While stationed at Fort Polk, Bevin went on a blind date with his Future wife, Glenna. The two married in 1996 and had six children. In 2003, their oldest child, 17-year-old daughter Brittiney, was killed in a car accident near the family's home. In memory of their daughter, the Bevins created Brittiney's Wish, a non-profit organization that funds domestic and international mission trips for high school students, and started an endowment that allowed Louisville's Southern Baptist Theological Seminary to open its Bevin Center for Missions Mobilization in 2012.
Conway continued McConnell's line of attack on Bevin's finances, specifically the issue of delinquent taxes. While McConnell's charges involved delinquent taxes against Bevin Brothers Manufacturing, Theo Keith of Louisville's WAVE reported in June that Bevin had been late at least 10 times paying property taxes on his vacation homes in Maine and Louisiana between 2002 and 2009. He further reported in July that Bevin's company, Integrity Holdings, also had multiple past delinquency issues. In total, Keith estimated that Bevin had paid about $1,800 in penalties for late tax payments. Bevin became irritated with Keith's reporting and refused to answer questions from him at subsequent press conferences; he did not buy ads on WAVE, despite running ads on Louisville's other three network broadcast stations. The Associated Press' Adam Beam eventually reported that Bevin had paid his taxes late on 30 different occasions. In an October interview with Beam, Bevin said, "Sometimes you do pay it late and you pay interest on having paid it late. But you pay the taxes. ... You do this all the time in Business." He added that his critics "could have done just as breathless a story of all the times I paid my taxes early and gotten a discount on it." He also reiterated that, as of the time of the interview, he had paid all of his taxes: "Do I actually owe taxes to anyone, anywhere? The answer is no."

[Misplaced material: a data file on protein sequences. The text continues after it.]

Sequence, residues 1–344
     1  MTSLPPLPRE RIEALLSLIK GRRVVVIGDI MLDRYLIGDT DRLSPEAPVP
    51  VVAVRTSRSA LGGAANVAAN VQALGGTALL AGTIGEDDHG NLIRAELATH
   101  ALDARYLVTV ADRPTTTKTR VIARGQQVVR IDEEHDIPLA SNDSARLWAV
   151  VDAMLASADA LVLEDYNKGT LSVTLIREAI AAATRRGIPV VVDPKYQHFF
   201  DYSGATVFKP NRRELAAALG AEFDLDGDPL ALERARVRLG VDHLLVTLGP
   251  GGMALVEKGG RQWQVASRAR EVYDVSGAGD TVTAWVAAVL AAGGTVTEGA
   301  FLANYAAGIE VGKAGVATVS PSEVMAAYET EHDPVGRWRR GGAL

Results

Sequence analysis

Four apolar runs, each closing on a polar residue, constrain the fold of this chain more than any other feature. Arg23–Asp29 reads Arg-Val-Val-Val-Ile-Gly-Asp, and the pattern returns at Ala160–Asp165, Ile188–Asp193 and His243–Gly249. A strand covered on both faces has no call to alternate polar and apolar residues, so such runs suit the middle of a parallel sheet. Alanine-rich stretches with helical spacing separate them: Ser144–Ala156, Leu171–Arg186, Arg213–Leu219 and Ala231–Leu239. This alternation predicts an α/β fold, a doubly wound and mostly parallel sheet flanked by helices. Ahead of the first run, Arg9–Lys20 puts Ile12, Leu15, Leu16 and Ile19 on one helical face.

McConnell launched ads accusing Bevin of taking taxpayer bailouts, citing his acceptance of state grants to rebuild Bevin Brothers. Bevin responded with ads accusing McConnell of voting for higher taxes, government bailouts, increases in the debt ceiling, and confirmation of liberal judicial nominees. McConnell's next ad featured Bevin telling an audience "I have no tax delinquency Problem, nor have I ever," then claimed his businesses had failed to pay taxes eight times and Bevin was late on a tax payment on his $1.2 million vacation home in Greenwood, Maine, in 2007. PolitiFact.com rated the ad "Mostly False", saying that Bevin Brothers incurred the delinquent taxes in 2008 and the second quarter of 2009, when the extent of Bevin's involvement with the company was "unclear". Regarding the vacation home, PolitiFact noted that Bevin's escrow company changed in 2007, and the new company failed to pay the property taxes on the home from escrow on time. Town records show that the taxes were paid by February 2009, and Bevin had paid them on-time every year before and after 2007. McConnell's third ad in as many weeks targeted Bevin for falsely claiming on his LinkedIn page that he attended a seminar affiliated with the Massachusetts Institute of Technology. The three-year program, which Bevin attended from 2006 to 2008, was actually sponsored by the MIT Enterprise Forum, which is technically unaffiliated with MIT. The discrepancy was first reported by The Hill in March 2013, and was clarified on his LinkedIn page at that time.